Blackwater tanks are very enjoyable. Especially if you put in effort to develop a striking hardscape - something you've already got experience with. There are tons of great, low-effort plants like Crypts - and even some mosses - that you'll love as an orchid head. Also a few ferns, Anubias varieties, even a few Buces if you start with tissue-cultured varieties that you can easily adapt. Tons of options and they're all really affordable and easy to obtain in the hobby these days.

With substrates on the market like ADA Aqua Soil Amazonia (my favorite) to buffer water parameters like peat, black water tanks can be easier to maintain than some think. Amazonia, Malaysian Driftwood, extra peat for your filter, leaf litter. All awesome.

What kind of critters are you considering in the blackwater setup?

Hope you'll consider starting a tank journal here in the Tank Journals section when you begin your build. We don't see a ton of blackwater setups these days and it would be fun to follow along.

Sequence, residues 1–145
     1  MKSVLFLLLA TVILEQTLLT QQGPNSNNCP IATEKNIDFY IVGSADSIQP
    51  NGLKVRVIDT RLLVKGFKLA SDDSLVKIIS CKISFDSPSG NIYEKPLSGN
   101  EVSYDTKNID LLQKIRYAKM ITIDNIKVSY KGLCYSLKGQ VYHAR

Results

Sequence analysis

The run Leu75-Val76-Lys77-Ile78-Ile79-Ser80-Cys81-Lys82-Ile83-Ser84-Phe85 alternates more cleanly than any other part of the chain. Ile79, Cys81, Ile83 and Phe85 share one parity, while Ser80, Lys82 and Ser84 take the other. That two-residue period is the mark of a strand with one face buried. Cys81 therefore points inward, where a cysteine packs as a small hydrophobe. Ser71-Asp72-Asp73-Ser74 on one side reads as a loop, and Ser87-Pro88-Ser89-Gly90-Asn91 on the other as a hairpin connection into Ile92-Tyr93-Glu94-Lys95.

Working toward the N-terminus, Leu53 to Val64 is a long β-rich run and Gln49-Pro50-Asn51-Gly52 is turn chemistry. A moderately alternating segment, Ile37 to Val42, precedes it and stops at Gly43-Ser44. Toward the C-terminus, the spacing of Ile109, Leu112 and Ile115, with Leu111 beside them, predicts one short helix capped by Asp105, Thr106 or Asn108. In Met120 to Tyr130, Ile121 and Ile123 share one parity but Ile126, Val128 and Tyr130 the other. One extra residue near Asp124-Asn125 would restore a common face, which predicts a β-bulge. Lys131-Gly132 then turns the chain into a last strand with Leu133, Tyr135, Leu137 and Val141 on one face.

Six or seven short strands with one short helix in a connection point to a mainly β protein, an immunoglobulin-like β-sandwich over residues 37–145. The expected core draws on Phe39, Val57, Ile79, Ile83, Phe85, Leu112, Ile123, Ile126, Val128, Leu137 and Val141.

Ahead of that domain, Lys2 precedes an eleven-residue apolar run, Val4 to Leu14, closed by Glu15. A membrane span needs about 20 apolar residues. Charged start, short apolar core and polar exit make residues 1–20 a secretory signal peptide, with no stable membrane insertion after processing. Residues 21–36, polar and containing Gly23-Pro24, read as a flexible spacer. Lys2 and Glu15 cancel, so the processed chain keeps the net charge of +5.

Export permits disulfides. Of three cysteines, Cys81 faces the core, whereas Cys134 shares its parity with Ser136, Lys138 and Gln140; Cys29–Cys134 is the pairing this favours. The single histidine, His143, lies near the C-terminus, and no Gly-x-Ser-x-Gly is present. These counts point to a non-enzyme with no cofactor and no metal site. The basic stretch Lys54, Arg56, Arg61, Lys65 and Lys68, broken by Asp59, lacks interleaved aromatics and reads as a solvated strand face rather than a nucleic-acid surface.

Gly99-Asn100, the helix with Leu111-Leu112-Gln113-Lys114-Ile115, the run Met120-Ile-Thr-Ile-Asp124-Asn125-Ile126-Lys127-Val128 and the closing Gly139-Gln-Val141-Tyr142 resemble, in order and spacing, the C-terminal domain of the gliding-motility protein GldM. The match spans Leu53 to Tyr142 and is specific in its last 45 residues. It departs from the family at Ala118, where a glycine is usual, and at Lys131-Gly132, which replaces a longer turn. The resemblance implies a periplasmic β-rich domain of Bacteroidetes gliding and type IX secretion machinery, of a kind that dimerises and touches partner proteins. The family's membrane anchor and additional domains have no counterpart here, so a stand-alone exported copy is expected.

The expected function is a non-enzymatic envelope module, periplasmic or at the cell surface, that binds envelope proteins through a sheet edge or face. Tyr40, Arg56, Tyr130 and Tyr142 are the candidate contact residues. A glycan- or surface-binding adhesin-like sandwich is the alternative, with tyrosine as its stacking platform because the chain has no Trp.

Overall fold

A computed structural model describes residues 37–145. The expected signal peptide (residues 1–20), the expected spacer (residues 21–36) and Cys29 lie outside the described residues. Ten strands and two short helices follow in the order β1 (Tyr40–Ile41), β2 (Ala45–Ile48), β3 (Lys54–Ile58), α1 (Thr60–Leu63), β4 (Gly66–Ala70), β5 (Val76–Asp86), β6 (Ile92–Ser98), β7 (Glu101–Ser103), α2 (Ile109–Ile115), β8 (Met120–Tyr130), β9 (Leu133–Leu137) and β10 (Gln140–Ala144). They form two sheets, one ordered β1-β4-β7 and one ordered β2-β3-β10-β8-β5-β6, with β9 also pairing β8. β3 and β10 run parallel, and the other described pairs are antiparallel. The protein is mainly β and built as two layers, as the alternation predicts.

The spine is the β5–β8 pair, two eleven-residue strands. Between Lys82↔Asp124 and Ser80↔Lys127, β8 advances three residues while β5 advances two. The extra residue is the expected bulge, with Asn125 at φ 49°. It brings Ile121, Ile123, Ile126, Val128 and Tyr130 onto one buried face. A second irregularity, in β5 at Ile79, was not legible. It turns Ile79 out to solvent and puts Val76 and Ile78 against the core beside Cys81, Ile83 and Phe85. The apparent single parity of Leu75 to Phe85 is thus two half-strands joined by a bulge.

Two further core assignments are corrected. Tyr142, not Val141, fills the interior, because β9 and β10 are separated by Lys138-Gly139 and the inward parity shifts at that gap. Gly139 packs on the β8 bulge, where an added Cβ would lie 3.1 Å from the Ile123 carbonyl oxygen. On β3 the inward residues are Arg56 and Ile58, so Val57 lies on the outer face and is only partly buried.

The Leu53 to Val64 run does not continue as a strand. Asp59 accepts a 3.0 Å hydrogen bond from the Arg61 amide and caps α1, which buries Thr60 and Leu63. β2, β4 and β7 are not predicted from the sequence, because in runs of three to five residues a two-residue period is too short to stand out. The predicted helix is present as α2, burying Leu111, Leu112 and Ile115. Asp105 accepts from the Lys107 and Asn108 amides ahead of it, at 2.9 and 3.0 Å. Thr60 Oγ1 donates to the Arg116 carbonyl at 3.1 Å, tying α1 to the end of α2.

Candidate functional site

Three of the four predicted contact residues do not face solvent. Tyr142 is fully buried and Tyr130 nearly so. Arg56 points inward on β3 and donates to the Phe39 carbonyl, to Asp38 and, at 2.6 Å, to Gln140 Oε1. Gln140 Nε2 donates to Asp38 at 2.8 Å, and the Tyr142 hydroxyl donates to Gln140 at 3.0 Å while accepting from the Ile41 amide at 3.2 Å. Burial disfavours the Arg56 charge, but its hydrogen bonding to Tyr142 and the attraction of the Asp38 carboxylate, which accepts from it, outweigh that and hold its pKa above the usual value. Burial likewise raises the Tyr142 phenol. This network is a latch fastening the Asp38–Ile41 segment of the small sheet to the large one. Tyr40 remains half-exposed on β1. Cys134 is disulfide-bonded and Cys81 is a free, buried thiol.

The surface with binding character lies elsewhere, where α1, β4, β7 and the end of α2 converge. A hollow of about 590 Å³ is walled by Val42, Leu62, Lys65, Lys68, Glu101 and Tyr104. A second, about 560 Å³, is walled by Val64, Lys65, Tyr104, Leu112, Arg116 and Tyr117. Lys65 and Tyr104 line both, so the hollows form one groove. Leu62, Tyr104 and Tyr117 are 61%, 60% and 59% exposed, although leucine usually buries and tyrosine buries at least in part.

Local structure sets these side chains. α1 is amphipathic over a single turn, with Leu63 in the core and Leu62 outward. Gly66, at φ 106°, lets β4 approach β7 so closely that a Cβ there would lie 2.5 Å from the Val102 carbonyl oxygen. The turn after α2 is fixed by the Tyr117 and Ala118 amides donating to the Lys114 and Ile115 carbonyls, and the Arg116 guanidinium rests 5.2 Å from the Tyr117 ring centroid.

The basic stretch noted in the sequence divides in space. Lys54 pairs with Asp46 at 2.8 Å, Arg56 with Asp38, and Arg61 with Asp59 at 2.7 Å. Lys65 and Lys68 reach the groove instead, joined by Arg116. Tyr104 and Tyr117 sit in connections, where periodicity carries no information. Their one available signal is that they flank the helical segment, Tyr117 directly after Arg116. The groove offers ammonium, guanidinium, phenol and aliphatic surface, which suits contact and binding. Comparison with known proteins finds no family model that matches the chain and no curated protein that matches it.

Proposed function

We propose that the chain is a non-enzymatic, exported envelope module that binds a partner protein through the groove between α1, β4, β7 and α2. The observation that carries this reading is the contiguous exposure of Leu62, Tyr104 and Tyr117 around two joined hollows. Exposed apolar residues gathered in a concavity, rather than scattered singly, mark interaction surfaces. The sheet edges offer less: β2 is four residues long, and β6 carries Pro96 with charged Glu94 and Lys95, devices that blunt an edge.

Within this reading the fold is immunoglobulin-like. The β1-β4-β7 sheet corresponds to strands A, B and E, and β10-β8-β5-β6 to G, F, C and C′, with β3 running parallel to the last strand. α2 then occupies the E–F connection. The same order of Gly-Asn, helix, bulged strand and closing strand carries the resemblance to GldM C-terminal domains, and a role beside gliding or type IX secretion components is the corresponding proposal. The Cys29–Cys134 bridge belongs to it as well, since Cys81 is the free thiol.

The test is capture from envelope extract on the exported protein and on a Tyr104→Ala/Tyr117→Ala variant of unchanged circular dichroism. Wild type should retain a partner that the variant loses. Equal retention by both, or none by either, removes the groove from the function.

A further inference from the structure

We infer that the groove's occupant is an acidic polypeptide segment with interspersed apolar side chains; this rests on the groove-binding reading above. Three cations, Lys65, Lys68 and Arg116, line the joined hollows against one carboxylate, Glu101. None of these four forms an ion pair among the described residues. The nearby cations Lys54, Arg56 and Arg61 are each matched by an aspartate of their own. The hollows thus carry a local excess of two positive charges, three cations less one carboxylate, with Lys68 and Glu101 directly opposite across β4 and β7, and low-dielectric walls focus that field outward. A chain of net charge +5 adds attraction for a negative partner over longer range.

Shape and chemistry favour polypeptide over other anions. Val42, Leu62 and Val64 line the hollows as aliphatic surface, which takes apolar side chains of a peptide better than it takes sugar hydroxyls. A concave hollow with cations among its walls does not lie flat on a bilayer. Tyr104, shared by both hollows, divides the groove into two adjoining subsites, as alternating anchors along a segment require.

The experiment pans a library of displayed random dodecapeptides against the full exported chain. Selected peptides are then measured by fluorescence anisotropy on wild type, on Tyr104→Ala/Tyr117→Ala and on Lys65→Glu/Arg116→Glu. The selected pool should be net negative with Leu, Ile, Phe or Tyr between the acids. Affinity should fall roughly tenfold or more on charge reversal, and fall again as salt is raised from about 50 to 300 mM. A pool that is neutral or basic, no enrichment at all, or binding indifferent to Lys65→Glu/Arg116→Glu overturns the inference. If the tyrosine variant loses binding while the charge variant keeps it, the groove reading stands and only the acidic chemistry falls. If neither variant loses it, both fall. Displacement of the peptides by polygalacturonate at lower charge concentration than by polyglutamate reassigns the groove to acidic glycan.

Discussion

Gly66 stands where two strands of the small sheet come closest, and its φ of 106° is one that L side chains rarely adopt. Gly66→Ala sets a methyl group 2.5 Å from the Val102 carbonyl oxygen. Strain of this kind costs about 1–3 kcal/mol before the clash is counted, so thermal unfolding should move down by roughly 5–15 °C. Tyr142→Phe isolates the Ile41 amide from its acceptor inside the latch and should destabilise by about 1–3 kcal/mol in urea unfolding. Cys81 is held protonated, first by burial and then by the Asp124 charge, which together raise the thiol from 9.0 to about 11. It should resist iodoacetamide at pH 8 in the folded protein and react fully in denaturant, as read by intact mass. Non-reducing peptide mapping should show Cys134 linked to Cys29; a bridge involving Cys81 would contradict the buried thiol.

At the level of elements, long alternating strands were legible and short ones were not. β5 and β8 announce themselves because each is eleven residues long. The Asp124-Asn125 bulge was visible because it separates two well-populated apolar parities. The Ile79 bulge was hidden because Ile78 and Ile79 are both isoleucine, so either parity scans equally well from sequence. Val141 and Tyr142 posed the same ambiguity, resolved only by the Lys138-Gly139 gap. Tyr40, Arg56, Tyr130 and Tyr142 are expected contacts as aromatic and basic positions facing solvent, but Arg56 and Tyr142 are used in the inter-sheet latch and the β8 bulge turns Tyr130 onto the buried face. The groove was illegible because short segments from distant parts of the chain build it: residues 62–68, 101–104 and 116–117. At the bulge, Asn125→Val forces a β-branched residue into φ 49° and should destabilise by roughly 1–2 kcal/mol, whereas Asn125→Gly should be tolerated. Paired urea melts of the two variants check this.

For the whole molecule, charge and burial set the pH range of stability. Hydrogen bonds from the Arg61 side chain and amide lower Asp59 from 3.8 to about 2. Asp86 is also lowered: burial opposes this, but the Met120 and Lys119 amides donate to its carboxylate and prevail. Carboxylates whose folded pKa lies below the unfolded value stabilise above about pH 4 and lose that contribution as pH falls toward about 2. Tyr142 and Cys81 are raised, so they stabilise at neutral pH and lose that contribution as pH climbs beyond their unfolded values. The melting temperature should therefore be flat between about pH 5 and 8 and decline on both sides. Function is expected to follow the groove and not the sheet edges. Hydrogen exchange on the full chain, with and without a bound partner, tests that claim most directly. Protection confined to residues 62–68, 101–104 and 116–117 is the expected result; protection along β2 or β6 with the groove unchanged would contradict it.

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Discussion Starter · #9 · (Edited)
I actually have UG in my paludarium, it grows at the water’s edge but was not happy submerged without CO2. At the moment it seems to have given up on growing leaves and is just creating a mat of stems/bladders covering my whole aquatic section - I’m not thrilled but it (and the shrimp) seem happy.

I have a number of Buces, but haven’t quite gotten the hang of them yet. I have some emersed, in a nearly 100% humidity filmy fern setup (single cell thick ferns that live at the water’s edge), and I have some submerged. My next dream plant is a Skeleton King.